January 24, 1999
...And That's My Opinionã
By Sandy Goldman
Beyond the Blue Horizon...
It was one of those bright sunny afternoons...crisp and clear. The skies were a beautiful blue with nary a cloud in sight. The TWA flight was circling above Chicago, waiting for instructions from the O'Hare Control Tower. I looked below and there it was...there was no doubt...Rogers Park!
I could see my house and the Loyola Park Fieldhouse. I could see the large capital letters L-E-O-N-E B-E-A-C-H on the roof of the building north of the ball diamond.
On the north there was the site of the newly razed Shell Station, once a Standard Oil Station with the city's tallest electric sign: the size of a basketball court and probably 4 stories high...gone!!
The CTA Maintenance Yard came into view and the unmistakable El structure and then Gale School. To the south of the school a large structureless expanse, was covered with mounds of dirty gray snow, transported from who knows where.
"Damn", I muttered to myself as I looked down at the former site of Kentucky Fried Chicken. "I wanted to be there at its destruction." I was, you see, as President of the original Rogers Park Community Council, witness to its construction.
KFC was to be the keystone of the revival of Howard Street, said its planners. It was a proposal of the Howard Paulina Development Corporation (the political and economic arm of former Ald. David Orr (49th) and predecessor of DevCorp North, the political and economic arm of the present Alderman, Joe Moore...but I digress.) The president of HPDC circulated among the community groups (there were many - maybe too many - then as now...but I digress again.)
She was upbeat and persuasive. Community meetings were held throughout the area. A large assemblage at Wisdom Bridge Theater (since departed) gave a rousing vote of confidence to both the project, the presentation and to the attorney who presented the case for KFC, a former city-planning official. Company representatives showed original plans and then revised, altered and changed them according to the wishes of the community, the Alderman, the State Rep., the Ward Committeeman and everybody else who had a thought. They promised anything and everything: landscaping, street lighting and security around the clock. "Give us our permits and we shall open the doors to Oz and the yellow brick road." Not an exact quote, but we all heard the message and we believed. We were energized and we were enamored, certain of its potential and so certain of its success that eventually our only concern was that it would be too successful. As one wag wrote, there was the fear that Howard Street might duplicate the "glitter gulch" which was taking place on Dempster Street, west of McCormick Blvd. There was fear that one franchise after another would seek sites and locate on Howard Street, to the detriment of local merchants who would be replaced by removal or rising rents. Of course, it never came to be. Neither the fears nor the hopes were realized.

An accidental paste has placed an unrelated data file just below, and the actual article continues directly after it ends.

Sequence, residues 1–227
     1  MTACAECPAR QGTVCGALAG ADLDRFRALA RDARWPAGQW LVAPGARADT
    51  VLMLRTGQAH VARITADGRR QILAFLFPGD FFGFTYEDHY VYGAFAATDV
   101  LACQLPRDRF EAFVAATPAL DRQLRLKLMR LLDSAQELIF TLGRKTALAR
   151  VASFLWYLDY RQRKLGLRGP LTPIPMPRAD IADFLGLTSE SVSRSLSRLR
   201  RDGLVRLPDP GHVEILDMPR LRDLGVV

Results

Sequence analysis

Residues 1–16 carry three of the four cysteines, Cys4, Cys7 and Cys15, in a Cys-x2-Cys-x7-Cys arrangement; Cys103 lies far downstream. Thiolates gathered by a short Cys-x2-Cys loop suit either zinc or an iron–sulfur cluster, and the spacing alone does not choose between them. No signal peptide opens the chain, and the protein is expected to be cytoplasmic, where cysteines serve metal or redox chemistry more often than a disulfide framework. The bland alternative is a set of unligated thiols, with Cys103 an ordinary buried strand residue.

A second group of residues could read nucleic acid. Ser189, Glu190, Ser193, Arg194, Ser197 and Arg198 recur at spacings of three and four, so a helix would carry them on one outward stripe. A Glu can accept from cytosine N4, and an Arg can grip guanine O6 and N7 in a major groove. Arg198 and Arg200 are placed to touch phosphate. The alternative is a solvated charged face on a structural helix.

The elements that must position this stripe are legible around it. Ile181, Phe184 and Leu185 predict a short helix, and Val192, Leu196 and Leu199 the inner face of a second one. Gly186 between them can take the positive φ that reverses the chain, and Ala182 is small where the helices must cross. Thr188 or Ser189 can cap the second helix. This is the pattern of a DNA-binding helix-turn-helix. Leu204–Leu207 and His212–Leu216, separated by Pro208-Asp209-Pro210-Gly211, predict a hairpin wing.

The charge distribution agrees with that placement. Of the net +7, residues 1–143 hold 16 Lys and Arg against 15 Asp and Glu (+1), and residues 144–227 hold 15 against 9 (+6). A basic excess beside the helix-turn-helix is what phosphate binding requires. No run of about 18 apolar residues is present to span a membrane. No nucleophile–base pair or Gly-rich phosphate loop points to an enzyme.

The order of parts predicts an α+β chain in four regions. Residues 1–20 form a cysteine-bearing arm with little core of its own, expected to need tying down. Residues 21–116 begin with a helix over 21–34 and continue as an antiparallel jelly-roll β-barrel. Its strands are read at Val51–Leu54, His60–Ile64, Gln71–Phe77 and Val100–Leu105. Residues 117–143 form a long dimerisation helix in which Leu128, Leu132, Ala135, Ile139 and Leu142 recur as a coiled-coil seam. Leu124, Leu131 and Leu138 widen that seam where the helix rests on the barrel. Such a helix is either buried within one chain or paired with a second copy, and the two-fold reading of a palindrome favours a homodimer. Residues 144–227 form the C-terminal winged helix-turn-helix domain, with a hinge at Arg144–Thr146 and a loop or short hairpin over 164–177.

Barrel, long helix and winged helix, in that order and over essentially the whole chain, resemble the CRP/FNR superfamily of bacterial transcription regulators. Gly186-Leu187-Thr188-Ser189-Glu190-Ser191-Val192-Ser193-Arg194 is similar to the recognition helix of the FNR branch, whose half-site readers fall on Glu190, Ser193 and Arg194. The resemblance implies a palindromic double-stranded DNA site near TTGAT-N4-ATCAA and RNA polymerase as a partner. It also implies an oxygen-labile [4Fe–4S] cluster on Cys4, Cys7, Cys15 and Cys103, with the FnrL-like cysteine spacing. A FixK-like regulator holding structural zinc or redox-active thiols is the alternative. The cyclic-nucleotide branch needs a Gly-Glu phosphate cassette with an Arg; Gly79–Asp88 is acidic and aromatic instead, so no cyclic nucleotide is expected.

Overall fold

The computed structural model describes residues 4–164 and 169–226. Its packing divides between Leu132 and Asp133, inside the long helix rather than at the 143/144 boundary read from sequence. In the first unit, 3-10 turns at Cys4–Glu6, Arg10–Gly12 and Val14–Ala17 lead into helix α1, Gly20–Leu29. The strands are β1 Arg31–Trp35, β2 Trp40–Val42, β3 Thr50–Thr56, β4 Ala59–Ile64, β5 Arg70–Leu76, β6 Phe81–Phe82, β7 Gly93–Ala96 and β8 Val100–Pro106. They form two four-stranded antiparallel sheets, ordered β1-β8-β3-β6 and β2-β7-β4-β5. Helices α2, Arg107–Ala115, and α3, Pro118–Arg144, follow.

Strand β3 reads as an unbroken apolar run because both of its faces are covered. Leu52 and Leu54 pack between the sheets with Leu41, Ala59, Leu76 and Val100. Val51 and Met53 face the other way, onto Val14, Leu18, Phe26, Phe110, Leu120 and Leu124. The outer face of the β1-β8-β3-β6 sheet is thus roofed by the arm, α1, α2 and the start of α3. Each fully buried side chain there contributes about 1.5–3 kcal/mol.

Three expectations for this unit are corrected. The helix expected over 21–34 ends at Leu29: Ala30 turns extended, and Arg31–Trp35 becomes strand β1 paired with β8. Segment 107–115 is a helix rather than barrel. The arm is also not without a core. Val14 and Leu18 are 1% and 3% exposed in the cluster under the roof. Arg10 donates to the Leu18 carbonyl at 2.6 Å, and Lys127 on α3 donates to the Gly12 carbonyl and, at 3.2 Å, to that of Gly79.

As I stared out the window at the blue horizon and the familiar territory below, my thoughts were interrupted just as were our hopes those many years ago. " The captain has turned on the seat belt sign for our approach into O'Hare. Please be sure your seat backs (and your thoughts) are in the upright position. " We touched down, the doors opened and we walked into the busy terminal...January 1999.
What a difference time makes...or does it?
Meanwhile, back on the ground, one would hardly notice that there is an election pending in the 49th Ward. "Teflon " Joe Moore approaches the polls a presumed shoo-in as the "development candidate". No matter that it all occurred in spite of him: Tax Increment Financing (TIF) districts, Combined Property, Crossroads Development, Hispanic Housing, Walsh Construction, Lord Enterprises, Mayor Daley, et al...and the market place: these are the forces that have instigated and promised successful development in Rogers Park.
Joe Moore has been in the right place at the right time throughout his political career, from Network 49 to the aldermanic offices. We never even saw David Orr's mouth move!
Perennial candidate Grady Humphrey emerges again for whatever his gain. Karen Hoover, perhaps the most knowledgeable candidate on community issues and positions, may suffer from the vestiges of a previous campaign. The other candidates, Glenn Brooks and Gregory Balos are well intentioned, I'm sure, but totally unknown.
Winning elections takes more than knowledge and good intentions. It takes money, (some say in the 6 figures), and it takes manpower, (some say more than 300 workers) who possess an overwhelming zealousness and conviction. They must be willing to, in effect, jump through hoops of fire or walk on hot coals to help their candidate.
We saw it in the last congressional race. We saw old timers, new timers, local political junkies and political science majors from colleges all over the Midwest come to talk the talk and walk the walk: to beat the bushes, ring the doorbells, shake the hands and be at the El Stations at 7:30 in the morning.
Justified or not, zealots are hard to beat!
Good luck to you all: the ins and the outs.
A final note...I've just heard that Wally Philips, former WGN stalwart, is starting a weekly two hour radio show on WAIT (850). The time and day are to be announced.
NOW, all's right with the world!!!
...And that's my opinion.
And I'm Sandy Goldman
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